If you read any previous posts you already know my thoughts on providing work to commercial entities for free, and on submissions. I came across a beautiful example this week of how both these areas can collide in a car crash of exploitation.
K found out this week that a test shoot she had recently given her time to had been used commercially. Did she find out from the photographer? No. From Facebook. Her image used on a front cover. Cool right? No. Totally uncool. Epically uncool. The shoot had been given to the magazine 'because they liked it' and presumably because the photographer Tracey Gibbs was so flattered by this that any self worth went right out of the window. Totally understandable….
The magazine is Cheshire Resident. It's billed as 'The Most Luxurious Magazine for Cheshire' and published by Archant. Archant is one of the biggest media companies in the UK. Their last annual accounts show a turnover in excess of £130m. Profits were reported at £6.3m. This is not quite a registered charity…
Archant publish - amongst other titles - Cheshire Life and Lancashire Life. Looking at the press pack for Cheshire Life the list price for a DPS advertisement is just over £4k. A single page advertisement £2,260. It's odd then that the price they appear to value the cover at is £0. You'd think that would be the most important page, as without a strong cover image sales would be limited. But no - that is the exact price that the cover image, the time, the experience, the effort - is valued at.
I've worked for enough commercial magazines to understand that photographers get paid. Models get paid. Makeup artists get paid. Of the 50+ covers I've had, absolutely none were donated for free. Yet here, everybody's time and effort has been valued by the photographer at precisely fuck all in order that they get themselves a cover image. You can't really blame Archant - they're getting their photography for free simply by asking. Although they do risk damage to sales of one of their other titles - Professional Photographer - because hey, there won't be any left to buy it. Their interim statement states "Profits Rise Despite Falling Revenue". It doesn't take a genius to work out that if they're not having to pay for photography but still taking advertising revenue then profits will indeed rise. If I stopped paying models for commercial work then my profits will also rise. And when my clients stop paying me for working because Tracey is happy to give them images for free, then their profits will rise too.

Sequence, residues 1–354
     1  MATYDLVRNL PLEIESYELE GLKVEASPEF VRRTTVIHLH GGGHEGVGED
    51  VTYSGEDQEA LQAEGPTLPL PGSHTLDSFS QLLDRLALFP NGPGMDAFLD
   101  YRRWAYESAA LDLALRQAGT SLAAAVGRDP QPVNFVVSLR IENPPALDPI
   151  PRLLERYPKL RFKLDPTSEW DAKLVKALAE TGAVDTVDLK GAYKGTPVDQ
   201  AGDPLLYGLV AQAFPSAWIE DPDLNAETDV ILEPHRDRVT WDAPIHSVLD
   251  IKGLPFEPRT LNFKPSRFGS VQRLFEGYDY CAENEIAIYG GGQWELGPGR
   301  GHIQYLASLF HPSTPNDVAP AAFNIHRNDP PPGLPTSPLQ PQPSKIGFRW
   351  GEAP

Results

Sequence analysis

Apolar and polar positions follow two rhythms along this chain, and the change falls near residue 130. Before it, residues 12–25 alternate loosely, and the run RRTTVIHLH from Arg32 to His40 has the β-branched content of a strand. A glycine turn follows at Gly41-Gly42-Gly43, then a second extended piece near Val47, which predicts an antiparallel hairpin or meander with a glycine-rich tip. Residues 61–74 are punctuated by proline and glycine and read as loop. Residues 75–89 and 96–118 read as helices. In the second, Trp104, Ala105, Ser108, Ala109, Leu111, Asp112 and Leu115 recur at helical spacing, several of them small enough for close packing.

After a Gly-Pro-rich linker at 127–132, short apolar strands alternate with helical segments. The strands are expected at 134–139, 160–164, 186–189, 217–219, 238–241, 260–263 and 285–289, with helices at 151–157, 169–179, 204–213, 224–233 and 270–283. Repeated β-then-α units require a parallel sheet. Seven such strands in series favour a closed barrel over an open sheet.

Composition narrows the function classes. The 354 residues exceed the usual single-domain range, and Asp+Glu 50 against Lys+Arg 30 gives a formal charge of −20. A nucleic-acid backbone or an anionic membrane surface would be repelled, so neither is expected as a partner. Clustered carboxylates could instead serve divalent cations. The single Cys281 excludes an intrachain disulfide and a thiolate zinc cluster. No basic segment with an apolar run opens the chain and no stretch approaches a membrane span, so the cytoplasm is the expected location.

I love to have a nosy through the T&C's of media companies. I found this in Archant's…
"By submitting any material to Archant, You automatically grant Archant the royalty-free, perpetual, irrevocable right and license to use, reproduce, modify, edit, adapt, publish, translate, create derivative works from, distribute, perform and display such material (in whole or part) worldwide and/or to incorporate it in other works in any form, media, or technology now known or later developed for the full term of any rights that may exist in such content. You further agree that by submitting any material to Us, You also waive all Your moral rights in such materials"
I'm guessing this is the clause that allows the image to already be used on the front page of Archant's group website. The *really* commercial one. The one where the investors and shareholders go.
Most 'local' or freemium magazines - the ones without the huge resources of Archant - will at least put some money towards production of their editorial be it via a location, or simply organisation of the team. And the end result is always explicit from the outset - that the team is working unpaid for a commercial entity. That's fine. I get that. Everybody can make their own choice in that scenario. When the beneficiary is putting at least some resource in, it often gives photographers and models the opportunity to create something they normally don't have the time, resource or contacts to create. It's a business transaction that all parties are aware of. But when it's simply a test shoot one minute and then on a commercial magazine cover the next, then boundaries blur and people understandably get bitter. Especially when the story keeps changing. One minute Cheshire Resident is a freemium magazine only (i.e. freely distributed with no cover price), the next it emerges that yes, there is a cover price of £5 but only a few will be sold. Ah. So it's only a little bit commercial. The cover price is actually an irrelevance - magazines such as this exist on advertising revenue, not cover revenue. That's why magazines such as Shortlist are some of the most profitable in the UK despite being given away for free.
There's no legal crime here. The photographer owns the images and can give them to whomever she wants on whatever terms she sees as reasonable. So if Tracey views the work as worthless, then it's understandable that nobody else will place any value on it either. Agency standard practise is that models are provided for test shoots as long as there's no commercial usage - but that's down to each individual agency's policy. Tear sheets are good. Paid ones are better. And ones where the team are given the simple respect of being made fully aware of what the end usage is going to be are best of all. The image itself is actually quite beautiful - it certainly stands out amongst the rest of the shots from the day - but then again, it remains a beautiful image regardless of whether it has 'Chesire Resident Magazine' across the top.
And in a neat circle of events, here's a cover for another of Archant's titles I spotted this week in a BP station. From a commercial shoot I did which included rights to use the image commercially. Granted, there's no photographer attribution in the masthead, but that's another post…